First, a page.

U.S. Strikes at Taliban Financing
Gone are the days when the Taliban, citing religious objections to opiates, banned the growing of poppies. Now up to 85 percent of the world's opium production occurs in areas under Taliban influence, leading to the Taliban and other non-State armed groups annually lining their pockets and financing nefarious activities with hundreds of millions of dollars from the illegal drug trade.
But the United States and its Afghan partners have the Taliban's narcotics networks squarely in their sights. In November, the allies began targeted strikes on Taliban drug labs, including airstrikes by U.S. forces that are part of the expanded legal authorities given to the U.S. military under President Donald Trump's new strategy for Afghanistan, announced in August.
At a recent press briefing, General John Nicholson, Commander of Resolute Support and U.S. forces Afghanistan, said the new authorities are a demonstration of the will of the United States to take the fight to the enemy in all its dimensions:
“Specifically, in striking northern Helmand and the drug enterprises there, we're hitting the Taliban where it hurts, which is their finances.”
General Nicholson said the strikes occur only after numerous hours of surveillance, not only to pinpoint the specific objective, but to minimize collateral damage. He also made clear that the U.S. and Afghan forces are not targeting the farmers who grow the poppies. The farmers are often compelled to do so by the Taliban as a payment of debt or form of coerced servitude. Instead, the targets are the labs where poppies are processed – into opium, morphine and eventually into heroin.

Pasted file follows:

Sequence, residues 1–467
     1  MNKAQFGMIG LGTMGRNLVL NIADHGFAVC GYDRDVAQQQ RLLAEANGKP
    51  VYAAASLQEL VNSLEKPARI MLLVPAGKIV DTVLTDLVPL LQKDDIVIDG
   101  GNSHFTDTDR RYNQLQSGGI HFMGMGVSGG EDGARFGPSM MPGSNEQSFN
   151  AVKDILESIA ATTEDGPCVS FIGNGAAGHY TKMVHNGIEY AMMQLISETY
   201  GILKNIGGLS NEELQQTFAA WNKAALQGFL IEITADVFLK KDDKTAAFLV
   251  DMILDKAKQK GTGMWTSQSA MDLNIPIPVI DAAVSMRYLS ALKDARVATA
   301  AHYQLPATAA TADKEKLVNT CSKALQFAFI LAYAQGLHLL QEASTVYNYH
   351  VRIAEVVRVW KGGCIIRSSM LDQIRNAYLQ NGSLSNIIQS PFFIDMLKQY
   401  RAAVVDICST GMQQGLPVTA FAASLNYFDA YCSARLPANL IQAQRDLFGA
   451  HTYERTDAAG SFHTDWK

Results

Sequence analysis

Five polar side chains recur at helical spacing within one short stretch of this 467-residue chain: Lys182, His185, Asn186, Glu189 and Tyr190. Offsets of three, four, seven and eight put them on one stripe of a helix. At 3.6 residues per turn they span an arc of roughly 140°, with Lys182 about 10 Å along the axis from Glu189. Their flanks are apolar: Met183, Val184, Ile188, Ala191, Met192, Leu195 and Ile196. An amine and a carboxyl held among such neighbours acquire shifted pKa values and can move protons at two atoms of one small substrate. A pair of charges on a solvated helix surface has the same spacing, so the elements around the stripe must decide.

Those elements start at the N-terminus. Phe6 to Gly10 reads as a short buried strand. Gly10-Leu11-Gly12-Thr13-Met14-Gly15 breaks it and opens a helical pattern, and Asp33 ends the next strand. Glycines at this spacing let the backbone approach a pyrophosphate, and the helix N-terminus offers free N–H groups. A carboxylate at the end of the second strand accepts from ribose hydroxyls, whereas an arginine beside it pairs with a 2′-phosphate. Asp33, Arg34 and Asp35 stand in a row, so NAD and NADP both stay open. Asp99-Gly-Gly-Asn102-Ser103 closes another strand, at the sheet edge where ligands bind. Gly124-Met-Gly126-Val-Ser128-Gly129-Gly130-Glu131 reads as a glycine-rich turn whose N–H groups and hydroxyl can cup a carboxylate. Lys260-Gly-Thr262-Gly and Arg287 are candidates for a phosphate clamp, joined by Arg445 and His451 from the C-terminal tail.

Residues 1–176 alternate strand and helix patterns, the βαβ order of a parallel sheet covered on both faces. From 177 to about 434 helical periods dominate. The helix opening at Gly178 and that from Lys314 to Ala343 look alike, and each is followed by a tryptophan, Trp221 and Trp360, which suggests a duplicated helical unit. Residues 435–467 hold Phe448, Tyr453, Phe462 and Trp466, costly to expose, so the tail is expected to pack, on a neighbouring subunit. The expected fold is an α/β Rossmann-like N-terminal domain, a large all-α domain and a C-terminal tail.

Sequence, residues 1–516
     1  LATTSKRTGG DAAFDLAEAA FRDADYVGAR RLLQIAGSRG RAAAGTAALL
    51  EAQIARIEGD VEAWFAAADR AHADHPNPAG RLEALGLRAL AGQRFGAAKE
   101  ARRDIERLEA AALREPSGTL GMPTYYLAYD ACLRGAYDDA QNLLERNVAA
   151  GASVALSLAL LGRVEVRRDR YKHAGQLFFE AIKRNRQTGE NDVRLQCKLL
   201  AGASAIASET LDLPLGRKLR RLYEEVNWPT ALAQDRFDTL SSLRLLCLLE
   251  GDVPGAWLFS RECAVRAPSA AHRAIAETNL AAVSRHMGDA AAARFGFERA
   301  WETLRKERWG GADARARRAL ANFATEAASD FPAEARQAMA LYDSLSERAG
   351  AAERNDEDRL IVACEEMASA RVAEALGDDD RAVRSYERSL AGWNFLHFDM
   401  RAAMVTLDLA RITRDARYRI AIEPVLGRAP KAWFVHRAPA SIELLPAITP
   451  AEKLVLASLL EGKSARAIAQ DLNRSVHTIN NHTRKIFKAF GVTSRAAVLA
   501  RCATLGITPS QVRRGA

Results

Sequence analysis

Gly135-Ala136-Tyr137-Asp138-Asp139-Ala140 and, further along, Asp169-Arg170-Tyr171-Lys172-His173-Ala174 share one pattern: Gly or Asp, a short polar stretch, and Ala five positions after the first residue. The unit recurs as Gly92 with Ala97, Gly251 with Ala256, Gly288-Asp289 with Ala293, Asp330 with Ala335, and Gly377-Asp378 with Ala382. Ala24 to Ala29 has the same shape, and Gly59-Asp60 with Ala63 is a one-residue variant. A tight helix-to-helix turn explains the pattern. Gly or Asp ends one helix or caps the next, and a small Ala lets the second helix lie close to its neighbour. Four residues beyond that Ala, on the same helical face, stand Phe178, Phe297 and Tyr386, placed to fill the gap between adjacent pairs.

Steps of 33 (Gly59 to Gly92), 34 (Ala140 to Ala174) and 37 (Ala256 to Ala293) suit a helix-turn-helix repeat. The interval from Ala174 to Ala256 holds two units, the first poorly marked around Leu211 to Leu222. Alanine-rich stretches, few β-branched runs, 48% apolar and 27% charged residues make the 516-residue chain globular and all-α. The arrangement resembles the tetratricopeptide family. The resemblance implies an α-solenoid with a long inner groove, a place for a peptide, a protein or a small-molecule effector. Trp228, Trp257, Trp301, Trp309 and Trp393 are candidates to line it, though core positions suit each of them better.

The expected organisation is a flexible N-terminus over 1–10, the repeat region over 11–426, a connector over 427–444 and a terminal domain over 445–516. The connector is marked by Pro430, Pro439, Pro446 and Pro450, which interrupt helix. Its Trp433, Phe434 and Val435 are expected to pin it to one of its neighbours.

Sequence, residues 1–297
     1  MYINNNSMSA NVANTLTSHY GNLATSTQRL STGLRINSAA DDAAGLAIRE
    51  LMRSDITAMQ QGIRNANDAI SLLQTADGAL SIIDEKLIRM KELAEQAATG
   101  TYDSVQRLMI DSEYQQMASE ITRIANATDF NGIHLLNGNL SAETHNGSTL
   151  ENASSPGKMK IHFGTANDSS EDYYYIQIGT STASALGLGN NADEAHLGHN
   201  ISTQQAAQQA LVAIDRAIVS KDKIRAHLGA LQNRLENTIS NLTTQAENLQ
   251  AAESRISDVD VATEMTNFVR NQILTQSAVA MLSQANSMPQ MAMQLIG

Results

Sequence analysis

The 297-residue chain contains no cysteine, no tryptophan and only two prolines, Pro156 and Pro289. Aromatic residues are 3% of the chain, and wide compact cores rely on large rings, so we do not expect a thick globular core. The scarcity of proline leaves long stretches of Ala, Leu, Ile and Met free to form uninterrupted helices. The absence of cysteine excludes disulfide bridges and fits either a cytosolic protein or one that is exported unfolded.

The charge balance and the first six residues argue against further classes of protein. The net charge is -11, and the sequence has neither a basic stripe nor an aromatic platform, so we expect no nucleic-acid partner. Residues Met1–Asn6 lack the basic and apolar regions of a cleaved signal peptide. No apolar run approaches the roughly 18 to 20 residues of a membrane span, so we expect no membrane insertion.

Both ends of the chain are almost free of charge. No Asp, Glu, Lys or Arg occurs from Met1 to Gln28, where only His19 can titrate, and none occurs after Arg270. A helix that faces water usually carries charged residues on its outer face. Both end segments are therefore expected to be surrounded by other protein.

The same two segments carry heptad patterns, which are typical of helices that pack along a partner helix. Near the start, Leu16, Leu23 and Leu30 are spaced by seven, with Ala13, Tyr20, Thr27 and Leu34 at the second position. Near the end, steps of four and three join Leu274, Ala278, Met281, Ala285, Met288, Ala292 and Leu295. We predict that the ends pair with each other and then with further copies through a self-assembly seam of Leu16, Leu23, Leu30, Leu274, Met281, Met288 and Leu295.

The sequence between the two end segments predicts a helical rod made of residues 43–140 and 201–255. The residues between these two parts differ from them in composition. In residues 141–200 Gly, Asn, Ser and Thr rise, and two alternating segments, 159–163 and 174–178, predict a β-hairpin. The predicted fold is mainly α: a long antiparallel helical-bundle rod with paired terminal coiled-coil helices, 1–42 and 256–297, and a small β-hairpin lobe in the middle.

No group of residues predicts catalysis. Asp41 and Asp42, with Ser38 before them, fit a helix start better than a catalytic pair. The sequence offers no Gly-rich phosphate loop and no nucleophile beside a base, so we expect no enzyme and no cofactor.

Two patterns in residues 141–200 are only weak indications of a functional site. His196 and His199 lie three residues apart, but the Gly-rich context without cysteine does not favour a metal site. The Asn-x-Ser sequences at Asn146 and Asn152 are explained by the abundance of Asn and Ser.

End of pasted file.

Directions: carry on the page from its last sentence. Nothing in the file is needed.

General Nicholson said the level of trust between the United States and Afghanistan has never been higher:
“And it's because of this that we're able to conduct these kinds of joint operations, and we're able to do these operations with the full support, and indeed, leadership of the Afghan government.”
General Nicholson said the U.S. and Afghanistan will continue to apply military pressure on the enemy, and that the international community's increased diplomatic and economic pressure is having an effect on the external enablers of the insurgency. Credible elections in Afghanistan will add crucial social pressure. “These...are the things that will mean that the Taliban cannot win,” said General Nicholson. “Our message to [them] is...it's time to lay down your arms and enter into a reconciliation process.”